Test Bed and Setup

As per our processor testing policy, we take a premium category motherboard suitable for the socket, and equip the system with a suitable amount of memory running at the manufacturer's maximum supported frequency. This is also typically run at JEDEC subtimings where possible. It is noted that some users are not keen on this policy, stating that sometimes the maximum supported frequency is quite low, or faster memory is available at a similar price, or that the JEDEC speeds can be prohibitive for performance. While these comments make sense, ultimately very few users apply memory profiles (either XMP or other) as they require interaction with the BIOS, and most users will fall back on JEDEC supported speeds - this includes home users as well as industry who might want to shave off a cent or two from the cost or stay within the margins set by the manufacturer. Where possible, we will extend out testing to include faster memory modules either at the same time as the review or a later date.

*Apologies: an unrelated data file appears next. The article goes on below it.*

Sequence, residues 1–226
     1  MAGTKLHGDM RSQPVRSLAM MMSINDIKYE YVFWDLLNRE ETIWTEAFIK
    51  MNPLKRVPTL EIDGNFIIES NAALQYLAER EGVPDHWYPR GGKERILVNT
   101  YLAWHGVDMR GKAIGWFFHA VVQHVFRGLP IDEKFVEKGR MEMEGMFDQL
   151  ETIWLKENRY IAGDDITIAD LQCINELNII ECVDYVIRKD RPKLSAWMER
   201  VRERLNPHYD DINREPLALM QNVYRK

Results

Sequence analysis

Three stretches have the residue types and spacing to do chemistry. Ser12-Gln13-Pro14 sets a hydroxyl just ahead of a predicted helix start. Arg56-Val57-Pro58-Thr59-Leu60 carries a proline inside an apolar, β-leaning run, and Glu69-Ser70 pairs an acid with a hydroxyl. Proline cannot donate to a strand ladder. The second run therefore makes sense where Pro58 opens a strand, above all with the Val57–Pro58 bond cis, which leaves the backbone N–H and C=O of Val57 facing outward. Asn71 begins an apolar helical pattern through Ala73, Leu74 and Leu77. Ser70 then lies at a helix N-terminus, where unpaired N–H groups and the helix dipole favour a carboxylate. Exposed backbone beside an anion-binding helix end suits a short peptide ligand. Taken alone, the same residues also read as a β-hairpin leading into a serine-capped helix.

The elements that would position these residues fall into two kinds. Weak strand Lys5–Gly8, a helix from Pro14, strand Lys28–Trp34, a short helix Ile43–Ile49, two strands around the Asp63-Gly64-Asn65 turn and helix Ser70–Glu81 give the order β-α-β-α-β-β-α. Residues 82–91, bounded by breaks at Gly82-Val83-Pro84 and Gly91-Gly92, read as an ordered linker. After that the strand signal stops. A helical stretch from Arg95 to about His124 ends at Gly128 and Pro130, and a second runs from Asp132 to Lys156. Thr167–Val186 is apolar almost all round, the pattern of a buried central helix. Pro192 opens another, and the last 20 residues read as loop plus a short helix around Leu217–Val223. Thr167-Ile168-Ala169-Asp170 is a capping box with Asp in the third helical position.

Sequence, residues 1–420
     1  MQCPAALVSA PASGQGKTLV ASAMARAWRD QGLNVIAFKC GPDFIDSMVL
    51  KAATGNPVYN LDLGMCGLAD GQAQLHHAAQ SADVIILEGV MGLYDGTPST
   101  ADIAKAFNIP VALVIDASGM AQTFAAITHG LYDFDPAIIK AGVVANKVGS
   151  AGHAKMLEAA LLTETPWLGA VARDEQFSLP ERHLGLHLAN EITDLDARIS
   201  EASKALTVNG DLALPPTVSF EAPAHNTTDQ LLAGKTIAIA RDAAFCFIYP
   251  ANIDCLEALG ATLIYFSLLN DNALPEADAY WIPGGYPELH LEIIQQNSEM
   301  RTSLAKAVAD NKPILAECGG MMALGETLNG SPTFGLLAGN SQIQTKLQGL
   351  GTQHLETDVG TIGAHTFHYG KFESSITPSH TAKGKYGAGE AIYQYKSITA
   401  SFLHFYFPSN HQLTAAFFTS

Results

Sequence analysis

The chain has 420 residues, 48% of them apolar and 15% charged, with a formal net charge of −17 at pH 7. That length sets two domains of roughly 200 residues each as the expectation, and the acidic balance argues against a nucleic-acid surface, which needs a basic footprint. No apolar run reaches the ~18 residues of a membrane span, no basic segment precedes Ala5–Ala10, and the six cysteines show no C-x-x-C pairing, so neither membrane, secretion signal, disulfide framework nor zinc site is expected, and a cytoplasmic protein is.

Test Setup
Intel Cascade Lake Core i9-10980XE
Motherboard ASRock X299 OC Formula (BIOS P1.80)
CPU Cooler TRUE Copper + Silverstone Fan
DRAM Corsair Vengeance RGB 4x8 GB DDR4-2933
GPU Sapphire RX 460 2GB (CPU Tests)
MSI GTX 1080 Gaming 8G (Gaming Tests)
PSU Corsair AX860i
SSD Crucial MX500 2TB
OS Windows 10 1909

For our motherboard, we are using the latest firmware. I do not believe that ASRock has updated its BIOSes to provide fixes for the latest Intel security updates, as these take time.

The latest AMD TR3 benchmarks were run by Gavin Bonshor, while I attended Supercomputing in Denver last week. Unfortunately both Intel and AMD decided to sample processors before the annual trade show conference, with launches only a couple of days after the show finished. As a result, our testing has been split between Gavin and myself, and we have endevoured to ensure parity through my automated testing suite.